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Rhiannon Catherwood: Huddled in a Little Alcove Writing and Writing

Steven Lausier interviews Issue #54 Creative Nonfiction writer Rhiannon Catherwood, regarding her piece “Mr. Sick.”

“I was the very quiet kid who spent recess huddled in a little alcove writing and writing. I still remember the day I got so wrapped up I forgot to come inside for a couple of hours.”

Rhiannon Catherwood

One of the beautiful things about “Mr. Sick” is that it finds a way to incorporate what was once a stand alone essay, while wrapping it beautifully with the introspection of the “December, 2019” section. Were there any other strategies you considered when you decided to revisit “2014?” If so, what made you finally decide on this follow-up format?

When I finally figured out what the story was about, my first instinct was to just try to develop it as a single flowing piece that would circle back to the opening, as though that was my intention all along. But in doing so, I would’ve lost a big part of what made it interesting to me. What I enjoyed so much in looking back on it was realizing that this story (about health symptoms that indicated different problems than they seemed to) was itself a symptom of something different than it seemed to be. It was different than I was aware of, even when I wrote it. At one point I drafted a brief “December 2019” opening that included a statement like “this story isn’t about what it seems to be about, it’s about something else.” That felt a little too much like throat clearing, so I cut it. Ultimately, I decided to give the reader the same experience I had in exploring these events. This includes the lack of awareness I had when writing in July of 2014, so I maintained it as an artifact to be looked at first. Hopefully that makes it intriguing enough for a second read.

How did you decide “Mr. Sick” was finished? And if it was different than your usual process, how do you normally decide?

This essay had a different process from anything else I’ve ever written. George R.R. Martin once said there are two kinds of writers – the “architects” who plan and outline and figure their work out in advance, and the “gardeners” who just start with a seed of an idea and grow it and see how it develops along the way (though sometimes apparently it grows into a knot). While I’ve certainly found myself changing and adapting as the prose leads me in the course of writing, I would generally say I’m more of an architect.  I almost always have a pretty clear sense of where I’m going with a story before I start it. “Mr. Sick” is one of the only times I’ve started with nothing but a general idea to explore and written almost in a stream of consciousness to see where it went. As you can tell, I wound up unsatisfied with it because it was incomplete, and I couldn’t figure out why. I also don’t tend to revisit old work that I dropped for whatever reason. But this one fascinated me because of the realization that I wrote something that I didn’t consciously understand. I discovered that my subconscious offered clues – the bit about the bacon, eggs, and toast essay – about what was really going on. With some years of distance and the understanding of what this story was actually about, once I decided on maintaining the original piece as an artifact and crafting the final section as a retrospective, finishing it was a pretty straightforward process (creatively, at least, if not emotionally).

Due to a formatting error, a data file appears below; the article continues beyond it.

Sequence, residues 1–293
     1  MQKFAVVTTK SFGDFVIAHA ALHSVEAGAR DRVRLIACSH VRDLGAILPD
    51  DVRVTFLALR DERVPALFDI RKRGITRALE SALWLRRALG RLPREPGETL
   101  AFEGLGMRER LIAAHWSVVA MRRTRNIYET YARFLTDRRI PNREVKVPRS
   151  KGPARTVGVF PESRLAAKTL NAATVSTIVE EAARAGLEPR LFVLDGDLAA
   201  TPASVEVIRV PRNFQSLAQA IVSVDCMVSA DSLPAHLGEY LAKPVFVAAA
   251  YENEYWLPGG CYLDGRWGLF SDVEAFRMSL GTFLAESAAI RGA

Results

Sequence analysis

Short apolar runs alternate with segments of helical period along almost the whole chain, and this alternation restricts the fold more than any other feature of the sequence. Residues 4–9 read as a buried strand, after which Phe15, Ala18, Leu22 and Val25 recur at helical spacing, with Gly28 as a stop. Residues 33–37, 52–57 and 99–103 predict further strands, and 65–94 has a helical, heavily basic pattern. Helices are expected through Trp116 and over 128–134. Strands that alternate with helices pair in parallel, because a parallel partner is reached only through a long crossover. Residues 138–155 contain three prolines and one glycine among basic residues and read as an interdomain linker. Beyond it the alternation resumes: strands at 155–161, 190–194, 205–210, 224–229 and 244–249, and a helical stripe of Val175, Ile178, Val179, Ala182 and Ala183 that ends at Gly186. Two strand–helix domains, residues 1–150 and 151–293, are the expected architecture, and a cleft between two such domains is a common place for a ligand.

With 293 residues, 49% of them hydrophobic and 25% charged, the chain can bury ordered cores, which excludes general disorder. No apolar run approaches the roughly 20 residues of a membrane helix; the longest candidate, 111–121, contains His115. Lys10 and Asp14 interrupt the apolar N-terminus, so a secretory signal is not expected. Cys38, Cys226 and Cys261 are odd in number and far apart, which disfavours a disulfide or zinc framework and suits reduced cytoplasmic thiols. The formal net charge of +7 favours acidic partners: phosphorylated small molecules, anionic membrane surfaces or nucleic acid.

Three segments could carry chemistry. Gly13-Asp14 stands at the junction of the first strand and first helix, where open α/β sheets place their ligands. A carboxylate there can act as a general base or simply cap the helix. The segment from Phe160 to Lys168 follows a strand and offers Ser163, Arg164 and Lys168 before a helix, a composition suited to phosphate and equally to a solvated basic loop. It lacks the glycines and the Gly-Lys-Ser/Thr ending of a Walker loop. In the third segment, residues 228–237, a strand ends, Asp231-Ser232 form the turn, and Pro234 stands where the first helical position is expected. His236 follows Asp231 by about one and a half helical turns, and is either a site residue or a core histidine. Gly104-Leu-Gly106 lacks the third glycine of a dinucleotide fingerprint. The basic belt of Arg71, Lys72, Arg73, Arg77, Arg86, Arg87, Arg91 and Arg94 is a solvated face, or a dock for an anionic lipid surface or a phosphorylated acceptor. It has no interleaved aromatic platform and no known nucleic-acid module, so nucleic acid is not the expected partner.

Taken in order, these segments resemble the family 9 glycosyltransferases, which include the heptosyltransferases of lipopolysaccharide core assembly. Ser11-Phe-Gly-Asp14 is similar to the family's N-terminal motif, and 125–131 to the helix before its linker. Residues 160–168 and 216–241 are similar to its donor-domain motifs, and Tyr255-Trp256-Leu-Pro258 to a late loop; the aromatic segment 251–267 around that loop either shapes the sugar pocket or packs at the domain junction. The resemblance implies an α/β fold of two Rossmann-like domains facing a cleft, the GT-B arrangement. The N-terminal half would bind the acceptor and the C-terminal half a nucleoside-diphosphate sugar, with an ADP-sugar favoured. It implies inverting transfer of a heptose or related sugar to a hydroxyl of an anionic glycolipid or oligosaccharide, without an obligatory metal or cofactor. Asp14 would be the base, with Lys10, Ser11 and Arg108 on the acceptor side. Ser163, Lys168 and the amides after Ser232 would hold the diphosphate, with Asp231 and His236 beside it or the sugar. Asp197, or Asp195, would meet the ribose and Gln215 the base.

You describe “Mr. Sick” as “ultimately a meditation on the ways in which our bodies and subconscious minds can scream at us in languages we don’t always understand.” Outside of what you present in the story, do you know of any tangible strategies for bridging that language gap that you wish more folks knew about? 

I assume it must be different for every person, learning to recognize your own body’s responses to stress. For me, if I ever again get a flu that lasts a month, I think I’ll know what it means, but obviously, this was a long learning process for me. Even in 2014, when I’d fully recognized that I had experienced psychosomatic illness in the past, I wasn’t ready to accept that I was experiencing it at that moment. It’s a matter of knowing ourselves and learning the language of our bodies, which may take us a lifetime.

Again, outside of what you present in “Mr. Sick,” do you have any advice for other writers, artists, and/or folks in general struggling with hardships similar to what you experienced?

If you mean with psychosomatic illness, the advice would have to depend on what was causing it – seek therapy, I suppose? If you mean about being a semi-closeted trans person or being in an abusive relationship, I have loads of advice, but on both counts the first step is knowing that there is something outside of this. It took me so long to fully transition because I couldn’t imagine a life outside of the constraints I was living in, because I thought that I would lose too much by trying – family, career, love. Being in an abusive relationship was similar in a sense. I stayed for so long and refused to recognize it for what it was because I had become convinced that if I weren’t in this relationship with this person who claimed to love me, then I wouldn’t find anyone else. I would be alone forever. But there was a better life waiting for me outside of the closet, and there was better love waiting for me outside of that relationship. I wish I could have seen both of those things much earlier, and I hope others reach those understandings faster than I did.

How do you feel your teaching life has augmented your writing life? Have they been boons for one another?